flow Meaning in the Cambridge English Dictionary Cambridge dictionaries logo

Meaning of “flow” in the English Dictionary

"flow" in British English

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flowverb [I]

uk   /fləʊ/  us   /floʊ/
  • flow verb [I] (MOVE)

B1 (​especially of ​liquids, ​gases, or ​electricity) to ​move in one ​direction, ​especiallycontinuously and ​easily: Lava from the ​volcano was flowing down the ​hillside. Many ​shortrivers flow into the ​Pacific Ocean. The ​river flows through three ​counties before flowing into the ​sea just ​south of here. With fewer ​cars on the ​roads, traffic is flowing (= ​movingforward) more ​smoothly than ​usual.

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  • flow verb [I] (CONTINUE)

to ​continue to ​arrive or be ​produced: Please ​keep the ​money flowing in! Offers of ​help are flowing into the ​disasterarea from all over the ​country. My thoughts flow more ​easily if I ​work on a ​computer. By eleven o'clock, the wine was ​starting to flow. After they'd all had a ​drink or two, the conversationbegan to flow.

flownoun

uk   /fləʊ/  us   /floʊ/
  • flow noun (MOVEMENT)

B2 [C usually singular] the ​movement of something in one ​direction: the flow of a ​river the flow oftraffic the flow ofblood

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  • flow noun (CONTINUOUS NUMBER)

[C usually singular] a ​regular and ​quitelargenumber of something: There's been a steady flow ofvisitors. [S] a ​situation in which something is ​produced or ​movedcontinuously: the flow ofideas/​information

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(Definition of flow from the Cambridge Advanced Learner’s Dictionary & Thesaurus © Cambridge University Press)

"flow" in American English

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flowverb [I]

 us   /floʊ/
(esp. of ​liquids, ​gases, or ​electricity) to move in one ​direction, esp. ​continuously and ​easily: Air flows over an aircraft’s ​wingfaster than it flows under it. Lava from the ​volcano was flowing down the ​hillside. An ​electricalcurrent flows from ​positive to ​negative. Many ​rivers flow into the Pacific Ocean. With fewer ​cars on the ​roads, ​traffic is flowing (= ​movingforward) more ​smoothly than ​usual. fig. My ​thoughts flow more ​easily (= I can ​think more ​easily) if I ​work on a word ​processor. Something can be said to flow if it ​hangs down ​loosely and ​attractively: Her ​long, ​redhair flowed down over ​shoulders.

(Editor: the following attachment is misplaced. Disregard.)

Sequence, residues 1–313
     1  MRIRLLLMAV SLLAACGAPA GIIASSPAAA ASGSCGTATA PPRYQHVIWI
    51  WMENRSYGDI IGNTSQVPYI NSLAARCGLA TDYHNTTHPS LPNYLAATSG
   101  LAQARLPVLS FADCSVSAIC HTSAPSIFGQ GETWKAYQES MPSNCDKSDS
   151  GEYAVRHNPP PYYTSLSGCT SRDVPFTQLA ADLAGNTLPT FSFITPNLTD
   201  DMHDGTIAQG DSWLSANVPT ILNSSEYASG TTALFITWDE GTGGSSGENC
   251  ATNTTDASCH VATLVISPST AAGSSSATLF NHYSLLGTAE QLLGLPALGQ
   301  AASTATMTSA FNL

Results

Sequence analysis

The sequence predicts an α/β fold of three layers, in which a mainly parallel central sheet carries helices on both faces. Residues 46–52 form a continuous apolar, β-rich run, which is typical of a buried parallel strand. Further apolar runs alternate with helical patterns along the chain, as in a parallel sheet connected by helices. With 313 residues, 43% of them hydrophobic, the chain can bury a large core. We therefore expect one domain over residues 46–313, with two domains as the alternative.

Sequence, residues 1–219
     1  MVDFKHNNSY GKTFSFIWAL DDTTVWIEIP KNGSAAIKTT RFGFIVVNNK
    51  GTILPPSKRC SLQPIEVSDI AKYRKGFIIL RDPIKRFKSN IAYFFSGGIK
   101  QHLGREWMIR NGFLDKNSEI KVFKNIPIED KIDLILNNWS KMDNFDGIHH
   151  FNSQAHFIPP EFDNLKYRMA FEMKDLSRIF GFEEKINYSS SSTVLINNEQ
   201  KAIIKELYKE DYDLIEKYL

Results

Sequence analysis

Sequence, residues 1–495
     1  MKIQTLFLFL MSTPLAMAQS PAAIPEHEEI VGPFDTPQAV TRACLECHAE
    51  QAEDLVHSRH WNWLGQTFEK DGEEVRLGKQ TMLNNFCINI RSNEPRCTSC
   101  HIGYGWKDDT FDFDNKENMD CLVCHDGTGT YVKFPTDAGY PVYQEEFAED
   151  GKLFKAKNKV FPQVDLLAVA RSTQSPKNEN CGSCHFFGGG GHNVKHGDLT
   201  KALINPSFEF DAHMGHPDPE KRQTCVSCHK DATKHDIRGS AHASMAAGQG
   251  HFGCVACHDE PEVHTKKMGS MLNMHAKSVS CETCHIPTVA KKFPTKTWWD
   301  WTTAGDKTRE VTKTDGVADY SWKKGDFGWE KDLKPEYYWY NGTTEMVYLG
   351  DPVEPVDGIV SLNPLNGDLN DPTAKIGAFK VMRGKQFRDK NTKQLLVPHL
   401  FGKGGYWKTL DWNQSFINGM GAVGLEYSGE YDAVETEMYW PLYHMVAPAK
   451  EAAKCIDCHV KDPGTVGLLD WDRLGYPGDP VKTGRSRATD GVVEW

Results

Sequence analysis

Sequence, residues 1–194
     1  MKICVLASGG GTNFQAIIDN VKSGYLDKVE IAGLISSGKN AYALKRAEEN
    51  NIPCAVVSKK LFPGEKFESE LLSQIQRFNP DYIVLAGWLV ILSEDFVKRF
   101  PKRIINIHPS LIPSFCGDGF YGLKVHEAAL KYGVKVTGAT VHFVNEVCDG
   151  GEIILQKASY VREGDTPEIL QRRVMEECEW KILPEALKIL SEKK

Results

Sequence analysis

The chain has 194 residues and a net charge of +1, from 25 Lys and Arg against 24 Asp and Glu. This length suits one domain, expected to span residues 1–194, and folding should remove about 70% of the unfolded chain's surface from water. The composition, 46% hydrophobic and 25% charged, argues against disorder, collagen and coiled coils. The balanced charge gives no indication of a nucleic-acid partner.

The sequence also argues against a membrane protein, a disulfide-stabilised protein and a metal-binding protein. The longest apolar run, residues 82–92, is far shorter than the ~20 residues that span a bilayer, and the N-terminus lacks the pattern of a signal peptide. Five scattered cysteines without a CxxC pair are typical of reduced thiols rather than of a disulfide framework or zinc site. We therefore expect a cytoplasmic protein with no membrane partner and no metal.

flownoun [C usually sing]

 us   /floʊ/
movement of a ​liquid: This ​drugincreases the flow of ​blood to the ​heart. fig. Music ​interrupted the flow of the ​conversation (= the ​regularexchange between ​speakers). earth science A flow is also ​largemass of ​material, such as ​lava (= ​meltedrock from a ​volcano), that is flowing or has flowed in the past.
(Definition of flow from the Cambridge Academic Content Dictionary © Cambridge University Press)

"flow" in Business English

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flowverb [I]

uk   us   /fləʊ/
if ​money, ​goods, etc. flow, they ​move from one ​company, ​organization, or ​place to another in large ​amounts: Capital must flow freely around the ​world in ​order to ensure ​internationalprosperity.flow in/out/back As ​revenue comes in it will flow back to ​investors.flow into/through/out of sth The ​money flowing into ​onlineadvertising today is largely from ​directmarketingcompanies.
if discussions or ​ideas flow, ​peopletalk and ​exchangeinformation in a relaxed way: Ideas flow more easily in an atmosphere of ​trust.

flownoun [C or U]

uk   us   /fləʊ/
a ​situation in which a large ​amount of ​money or ​goodsmoves from one ​company, ​organization, or ​place to another: Portfolio ​investment flows generally ​equate to high ​interestrates.a steady/constant flow of sth The ​company is in the enviable ​position of having no ​debt and a ​steady flow of ​revenue.the flow of money/goods/resources Stateauthorities welcome the flow of ​money from those ​seeking city ​contracts.
a ​situation in which ​information and ​ideas are ​exchanged between ​companies or ​organizations: Improving the flow of ​information between ​buyers and ​sellers makes ​markets more ​efficient.a flow of sth A ​shared sense of ​commitment to a ​projectleads to a ​free flow of ​ideas and ​information.
(Definition of flow from the Cambridge Business English Dictionary © Cambridge University Press)
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“flow” in American English

“flow” in Business English

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